As a boy Bennett remembers coming into King City with his mother on shopping excursions. They would walk the broad sidewalks of Main Street and chat with friends they seldom saw on the farm. That street is called Vermont now.

"We'd come with our wagon," he says. "It was all we had." He remembers buying his first car, a Model-T, in 1912 or 1913. "I like a good horse," Bennett says about his experiences with cars. "Sometimes we would have terrible snows and traveling would be pretty hard on the horse."

One memory that brings a twinkle to his eye is recalling the day he walked to his Uncle Jim Wildish's home to watch a barn raising. He was only a small boy, but he remembers that the sides of the barn were constructed on the ground and then raised and finished by neighbors.

As he started to grow up, he began helping with the corn planting on the farm. "We used one of these old hand jobbers," he says about the plow he used.

In those days, farmers often rode the train from their communities to bring their hogs to market in St. Joseph. They stayed at the St. Charles Hotel or Patee House and would ride the horse-drawn street cars to the stock yards.

On one such trip to St. Joseph, Bennett recalls boarding a packed trolley. There was no room on the car, but one man managed to make room for the young man. They talked for a while and the man asked directions to a harness shop. He was new to the town, the man said. He introduced himself as Cole Younger and just explained he'd just gotten out of a Minnesota prison. "I didn't pay much attention to him. You never heard much about them (the Jessie James Gang)," says Bennett. "I saw Frank (James) once."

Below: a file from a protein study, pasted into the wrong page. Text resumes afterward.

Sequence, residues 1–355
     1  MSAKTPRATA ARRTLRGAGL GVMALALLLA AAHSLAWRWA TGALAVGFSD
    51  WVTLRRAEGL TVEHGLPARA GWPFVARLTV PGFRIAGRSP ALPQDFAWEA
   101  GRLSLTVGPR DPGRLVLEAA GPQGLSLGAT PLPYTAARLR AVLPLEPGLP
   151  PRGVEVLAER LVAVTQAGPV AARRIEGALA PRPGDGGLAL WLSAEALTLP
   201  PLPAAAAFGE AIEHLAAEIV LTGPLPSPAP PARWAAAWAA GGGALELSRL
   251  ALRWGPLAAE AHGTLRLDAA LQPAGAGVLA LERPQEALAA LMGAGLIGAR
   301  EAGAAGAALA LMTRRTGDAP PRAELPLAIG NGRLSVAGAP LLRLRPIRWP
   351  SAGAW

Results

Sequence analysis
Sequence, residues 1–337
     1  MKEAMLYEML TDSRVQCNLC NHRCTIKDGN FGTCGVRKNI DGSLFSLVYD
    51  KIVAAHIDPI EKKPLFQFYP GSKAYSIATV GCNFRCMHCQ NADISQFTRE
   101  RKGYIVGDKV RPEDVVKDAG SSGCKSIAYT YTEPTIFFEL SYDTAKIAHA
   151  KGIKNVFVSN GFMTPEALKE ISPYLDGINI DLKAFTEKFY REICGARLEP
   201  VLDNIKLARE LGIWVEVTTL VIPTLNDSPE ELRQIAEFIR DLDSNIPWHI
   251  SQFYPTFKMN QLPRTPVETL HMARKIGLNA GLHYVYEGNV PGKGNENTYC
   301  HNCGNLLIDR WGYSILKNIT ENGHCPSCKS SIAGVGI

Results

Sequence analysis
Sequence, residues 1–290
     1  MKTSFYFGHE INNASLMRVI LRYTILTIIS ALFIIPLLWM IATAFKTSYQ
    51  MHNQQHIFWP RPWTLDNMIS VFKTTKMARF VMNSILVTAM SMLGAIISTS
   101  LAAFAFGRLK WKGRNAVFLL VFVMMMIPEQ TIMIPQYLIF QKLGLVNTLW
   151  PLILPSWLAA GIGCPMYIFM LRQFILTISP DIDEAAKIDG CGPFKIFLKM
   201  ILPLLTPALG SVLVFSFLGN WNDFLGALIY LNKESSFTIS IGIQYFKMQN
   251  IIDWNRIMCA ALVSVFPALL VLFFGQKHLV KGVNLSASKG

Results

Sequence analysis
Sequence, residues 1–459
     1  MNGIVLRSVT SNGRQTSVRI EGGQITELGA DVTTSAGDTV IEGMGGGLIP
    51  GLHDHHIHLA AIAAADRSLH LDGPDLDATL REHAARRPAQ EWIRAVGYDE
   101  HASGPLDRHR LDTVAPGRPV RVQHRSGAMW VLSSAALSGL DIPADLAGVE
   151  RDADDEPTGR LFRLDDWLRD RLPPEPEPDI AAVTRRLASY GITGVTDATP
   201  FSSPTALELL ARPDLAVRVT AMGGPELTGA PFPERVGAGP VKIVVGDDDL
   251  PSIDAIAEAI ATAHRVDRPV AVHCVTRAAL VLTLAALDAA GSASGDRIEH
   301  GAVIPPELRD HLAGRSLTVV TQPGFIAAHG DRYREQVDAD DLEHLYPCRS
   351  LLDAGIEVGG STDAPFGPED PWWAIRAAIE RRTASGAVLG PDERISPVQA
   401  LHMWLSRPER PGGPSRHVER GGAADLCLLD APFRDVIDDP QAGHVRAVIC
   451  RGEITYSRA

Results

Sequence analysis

Bennett remembers events like the Spanish American War and World War I. I was notified to be ready," he says of the Great War. "But the war ended and I didn't have to go."

While the war in Europe was raging, the citizens of Empire Prairie and the nation were waging a battle of their own. Bennett was among those caring for the sick during the influenza epidemic of 1917 and 1918. Formaldehyde was kept burning on the kitchen stoves as a precaution against the disease. In addition those caring for the sick had to change their cloths before entering their own homes. Funerals became common place and were kept small.